Infiltrating male society.
Publisher: Avon (HarperCollins)
First Published: 1st January 2007
Date Reviewed: 12th May 2015
Isidore is tired of waiting for her husband to turn up and after ten long years the suggestion of Lord Strange’s illicit house is most compelling. Harriet, widowed Duchess of Berrow and sometimes unofficial judge, agrees to play a male so that the plan can go ahead without a hitch – Isidore will have a friend with her, it just won’t be known. Harriet would like to find love but Strange’s party isn’t the place, or is it?
Duchess By Night is a great book that’s only downside is its ending.
James is on top form. The writing is very readable, the humour laugh-out-loud. The book begins on a fun note, the drunken judge whose role Harriet has taken over and a fancy dress party at which Jemma lends her a stuffed goose as a prop, and it sustains it for a rather long time.
The characters are fun. Not everyone is developed particularly well but due to the nature of the book that doesn’t matter so much. Harriet loves being a man and this shows, she takes to her role like a bird to flight and the freedom allows the story to be more involved with the male side of life. Harriet is also allowed to be a man by those who know, making polite society have less of a stake (if it ever did in this series!) This said, Harriet’s character is a little fluid, most obviously at the end which I’ll be discussing later.
Strange is best once he’s figured out Harriet is really a woman. It’s then that he comes into his own as does the romance. He’s not bad otherwise but he’s not presented as particularly eligible, and by this I don’t mean the house parties. He doesn’t read as eligible because in truth he sounds a little too old and distant; it’s after the reveal you get the sense he’s Harriet’s age and a good match for her. As such, overall he’s a rather different hero to those in Desperate Duchesses and An Affair Before Christmas, less defined, not as well written. Related to difference but not writing, as he would say, he’s a libertine, so the sex scenes are a bit different. This is not a bad thing.
There is Eugenia, wonderful literal child of fiction. Strange’s eight year old daughter is into science and maths and she’s marvellous to read about. Though kept away from the parties she’s mature enough to provide fun (and accurate) commentaries on adult songs. Her scenes are ones to look forward to. Although the book is a romance, everything else in it is just as good to read about.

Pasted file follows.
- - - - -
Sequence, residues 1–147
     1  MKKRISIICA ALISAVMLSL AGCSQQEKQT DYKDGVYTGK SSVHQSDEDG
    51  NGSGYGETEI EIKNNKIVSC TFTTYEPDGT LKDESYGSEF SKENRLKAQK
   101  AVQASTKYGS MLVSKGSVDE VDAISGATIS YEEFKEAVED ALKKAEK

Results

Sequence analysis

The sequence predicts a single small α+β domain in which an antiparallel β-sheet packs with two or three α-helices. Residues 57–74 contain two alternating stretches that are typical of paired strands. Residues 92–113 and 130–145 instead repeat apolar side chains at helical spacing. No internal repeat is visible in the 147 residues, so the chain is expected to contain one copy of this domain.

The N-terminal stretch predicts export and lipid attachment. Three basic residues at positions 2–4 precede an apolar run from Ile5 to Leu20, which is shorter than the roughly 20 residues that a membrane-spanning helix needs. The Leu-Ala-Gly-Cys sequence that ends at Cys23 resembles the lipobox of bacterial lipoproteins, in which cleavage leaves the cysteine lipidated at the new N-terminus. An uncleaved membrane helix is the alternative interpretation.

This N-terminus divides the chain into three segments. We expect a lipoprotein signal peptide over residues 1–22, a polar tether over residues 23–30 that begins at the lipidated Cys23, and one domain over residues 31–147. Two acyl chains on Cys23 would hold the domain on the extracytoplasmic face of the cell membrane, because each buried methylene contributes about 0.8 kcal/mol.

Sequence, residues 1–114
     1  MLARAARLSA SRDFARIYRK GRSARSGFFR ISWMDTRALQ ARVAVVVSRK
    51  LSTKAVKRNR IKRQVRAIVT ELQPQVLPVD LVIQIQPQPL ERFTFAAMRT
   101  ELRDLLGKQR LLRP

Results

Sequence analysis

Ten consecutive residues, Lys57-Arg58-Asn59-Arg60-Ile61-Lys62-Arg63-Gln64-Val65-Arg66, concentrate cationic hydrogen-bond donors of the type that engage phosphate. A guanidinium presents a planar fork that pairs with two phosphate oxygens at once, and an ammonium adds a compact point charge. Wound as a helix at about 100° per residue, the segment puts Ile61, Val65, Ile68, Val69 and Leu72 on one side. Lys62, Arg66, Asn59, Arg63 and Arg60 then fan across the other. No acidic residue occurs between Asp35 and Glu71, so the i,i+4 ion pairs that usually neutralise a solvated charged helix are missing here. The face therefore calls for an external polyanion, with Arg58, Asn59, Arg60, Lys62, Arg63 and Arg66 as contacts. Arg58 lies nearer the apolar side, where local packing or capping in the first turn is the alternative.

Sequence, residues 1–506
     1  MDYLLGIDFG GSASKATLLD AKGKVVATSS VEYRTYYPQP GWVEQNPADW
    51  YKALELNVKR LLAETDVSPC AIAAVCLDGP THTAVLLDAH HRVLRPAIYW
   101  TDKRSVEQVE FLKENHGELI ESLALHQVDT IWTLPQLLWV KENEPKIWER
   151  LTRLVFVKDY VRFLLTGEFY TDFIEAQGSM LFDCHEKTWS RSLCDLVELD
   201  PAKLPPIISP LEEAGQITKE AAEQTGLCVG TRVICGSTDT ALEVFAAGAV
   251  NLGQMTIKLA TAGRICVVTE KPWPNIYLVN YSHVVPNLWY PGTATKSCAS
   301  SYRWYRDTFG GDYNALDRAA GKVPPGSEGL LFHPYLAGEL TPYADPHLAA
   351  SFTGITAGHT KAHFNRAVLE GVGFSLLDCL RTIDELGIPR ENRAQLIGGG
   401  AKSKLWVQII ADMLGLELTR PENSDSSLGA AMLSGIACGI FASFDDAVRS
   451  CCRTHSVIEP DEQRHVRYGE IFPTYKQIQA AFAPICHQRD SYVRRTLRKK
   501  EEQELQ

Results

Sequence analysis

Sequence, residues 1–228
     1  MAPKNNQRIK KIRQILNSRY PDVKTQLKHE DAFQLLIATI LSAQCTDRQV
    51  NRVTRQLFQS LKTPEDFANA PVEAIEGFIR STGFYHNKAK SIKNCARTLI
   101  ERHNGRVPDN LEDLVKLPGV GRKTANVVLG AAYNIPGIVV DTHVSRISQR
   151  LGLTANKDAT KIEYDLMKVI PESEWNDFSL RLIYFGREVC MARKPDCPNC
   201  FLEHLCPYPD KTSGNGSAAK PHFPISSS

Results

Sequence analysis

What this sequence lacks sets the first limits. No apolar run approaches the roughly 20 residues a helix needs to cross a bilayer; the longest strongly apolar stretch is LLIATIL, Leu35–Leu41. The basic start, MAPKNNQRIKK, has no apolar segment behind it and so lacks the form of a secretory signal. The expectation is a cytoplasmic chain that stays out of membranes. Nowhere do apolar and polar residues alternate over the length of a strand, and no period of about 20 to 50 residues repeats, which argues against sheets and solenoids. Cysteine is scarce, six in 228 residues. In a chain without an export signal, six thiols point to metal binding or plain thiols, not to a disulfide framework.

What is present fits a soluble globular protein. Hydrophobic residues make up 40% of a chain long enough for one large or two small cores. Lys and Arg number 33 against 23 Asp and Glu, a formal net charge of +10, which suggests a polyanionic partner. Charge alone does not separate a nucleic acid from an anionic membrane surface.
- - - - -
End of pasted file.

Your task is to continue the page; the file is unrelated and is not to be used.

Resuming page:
There is a lot of bias against same-sex relationships as might be expected in a book set in this era. It is entirely in context and nothing is remarked upon out of it – these are 1700s thoughts, no more. The era does lend itself to an interesting semi subtext, however – Lord Strange rather fancies effeminate ‘Harry’, so what does that say of his sexual preferences? It was always going to be beyond the scope of the book to explore, but it’s interesting to speculate whether or not Strange is bisexual, or if he somehow sensed Harriet’s true identity before he really knew. It is also interesting to look at the way there is a lot of freedom in Strange’s house for affairs and casual sex – but not between two people of the same sex. Duchess By Night is almost a mini study at times.
I should mention Isidore here because it’s important – whilst Duchess By Night is Harriet’s book, the premise sets up the next, Isidore’s own book. This means that Isidore’s musings and hopes of luring her husband home play an important part. As someone there by choice but not there to ‘partake’, Isidore provides both balance to the house and a reminder of the differences in society.
The book takes a while to get to the romance but that’s okay – Harriet’s exploits are something you won’t look forward to ending. James makes up for the time Strange is confused by way of a several pages long reveal and sex scene in the latter section. It could be argued this book is the steamiest so far, though due to Harriet’s relative inexperience and Strange’s insistence it could also be argued it’s the least comfortable. James spends time making her characters take their time but keeps the balance between closed and open doors – this is to say there aren’t numerous sex scenes – barring the first they are short and a lot of the content is alluded to rather than written out. The story rests very much on the general attraction and compatibility, even if it doesn’t always read as though the compatibility is complete enough.
This book would get the top rating from me if it were not for the end. Duchess By Night is excellent right until the last 30 or so pages when it turns to mush. An illness and plight for no reason – presumably James meant to further deepen feelings but it wasn’t necessary. The very end is a gooey, sickly sweet mess in which there are sudden pointless arguments and sentimental conversations. Most notably Harriet’s personality does a 180 and it’s stated she won’t be wearing male clothing any more even though the book had shown she would. Soon after this it appears she does don breeches irregularly, but not for the freedom. In sum, the ending doesn’t fit the rest of the book and the characters aren’t the Lord Strange and Harriet we’ve come to know.
Duchess By Night is a blast; it’s an absolute riot. You’re likely to enjoy its successes even if you do have to rewrite the conclusion yourself.
May 14, 2015, 7:51 am
A riot alright! Fun read.